The children dance or jump around to music and when it stops they have to choose a side of the room to stand on. Let's say the left hand side is designated the "odd" side and the right hand side "even". Once they have made up their minds a dice is thrown. If it lands on an odd number all the "odds" are out and if it is an even number the "evens" are out. The remainder of the children play on, choosing odds or evens each time the music stops, until a winner is found.


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Over and Under (team game)

The children are divided into two or more teams depending on numbers. The team members stand behind each other and each leader is given a balloon. The balloon must be passed down the line by going over the leaders head to the next child who passes it through their legs to the next one who in turn passes it over their head. In this way the balloon travels down the line to the last child who runs round to the front and starts again. This continues until the team leader is back at the front with the winning team being the first ones to finish.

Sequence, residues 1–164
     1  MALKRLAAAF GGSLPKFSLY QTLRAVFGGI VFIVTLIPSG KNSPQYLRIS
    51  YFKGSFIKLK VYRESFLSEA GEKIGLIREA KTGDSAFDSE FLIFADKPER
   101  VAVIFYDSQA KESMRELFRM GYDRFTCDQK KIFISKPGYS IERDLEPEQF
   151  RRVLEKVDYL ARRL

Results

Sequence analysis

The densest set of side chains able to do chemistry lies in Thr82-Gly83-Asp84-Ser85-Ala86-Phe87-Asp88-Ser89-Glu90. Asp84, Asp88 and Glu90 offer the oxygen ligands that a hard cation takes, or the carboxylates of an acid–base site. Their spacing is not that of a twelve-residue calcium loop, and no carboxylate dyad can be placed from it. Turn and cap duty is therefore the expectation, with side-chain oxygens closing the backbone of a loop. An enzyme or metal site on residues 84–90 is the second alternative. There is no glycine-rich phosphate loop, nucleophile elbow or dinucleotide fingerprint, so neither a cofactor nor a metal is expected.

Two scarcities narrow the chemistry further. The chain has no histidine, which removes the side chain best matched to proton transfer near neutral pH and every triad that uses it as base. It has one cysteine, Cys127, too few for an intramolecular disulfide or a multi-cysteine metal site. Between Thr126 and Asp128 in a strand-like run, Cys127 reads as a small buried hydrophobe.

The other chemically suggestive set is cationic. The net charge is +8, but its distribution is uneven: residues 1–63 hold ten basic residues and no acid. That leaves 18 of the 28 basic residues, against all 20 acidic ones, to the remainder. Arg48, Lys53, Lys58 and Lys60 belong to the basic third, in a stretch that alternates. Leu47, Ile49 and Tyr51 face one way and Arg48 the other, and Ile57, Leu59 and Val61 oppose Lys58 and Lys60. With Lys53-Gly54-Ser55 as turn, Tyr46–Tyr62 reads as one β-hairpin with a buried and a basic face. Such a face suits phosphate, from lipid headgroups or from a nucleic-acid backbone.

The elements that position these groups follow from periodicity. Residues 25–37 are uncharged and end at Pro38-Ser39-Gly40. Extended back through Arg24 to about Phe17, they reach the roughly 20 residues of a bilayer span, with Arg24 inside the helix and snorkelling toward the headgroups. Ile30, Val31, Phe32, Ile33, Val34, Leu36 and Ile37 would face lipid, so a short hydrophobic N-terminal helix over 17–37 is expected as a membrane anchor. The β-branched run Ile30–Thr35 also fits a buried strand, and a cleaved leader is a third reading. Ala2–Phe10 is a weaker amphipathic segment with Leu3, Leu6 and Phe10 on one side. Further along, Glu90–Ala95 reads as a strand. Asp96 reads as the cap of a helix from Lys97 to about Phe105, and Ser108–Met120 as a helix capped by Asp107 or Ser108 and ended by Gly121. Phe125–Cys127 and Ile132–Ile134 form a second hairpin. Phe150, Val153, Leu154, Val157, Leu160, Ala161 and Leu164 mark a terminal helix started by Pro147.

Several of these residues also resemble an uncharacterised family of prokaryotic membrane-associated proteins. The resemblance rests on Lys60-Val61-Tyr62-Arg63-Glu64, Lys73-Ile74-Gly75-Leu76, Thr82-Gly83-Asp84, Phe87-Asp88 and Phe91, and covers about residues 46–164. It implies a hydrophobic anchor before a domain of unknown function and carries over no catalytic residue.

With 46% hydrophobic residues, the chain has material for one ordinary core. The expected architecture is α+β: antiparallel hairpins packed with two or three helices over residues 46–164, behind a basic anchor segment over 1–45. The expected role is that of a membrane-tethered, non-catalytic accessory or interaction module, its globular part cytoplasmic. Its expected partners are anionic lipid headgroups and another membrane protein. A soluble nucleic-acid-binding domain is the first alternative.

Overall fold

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Number 6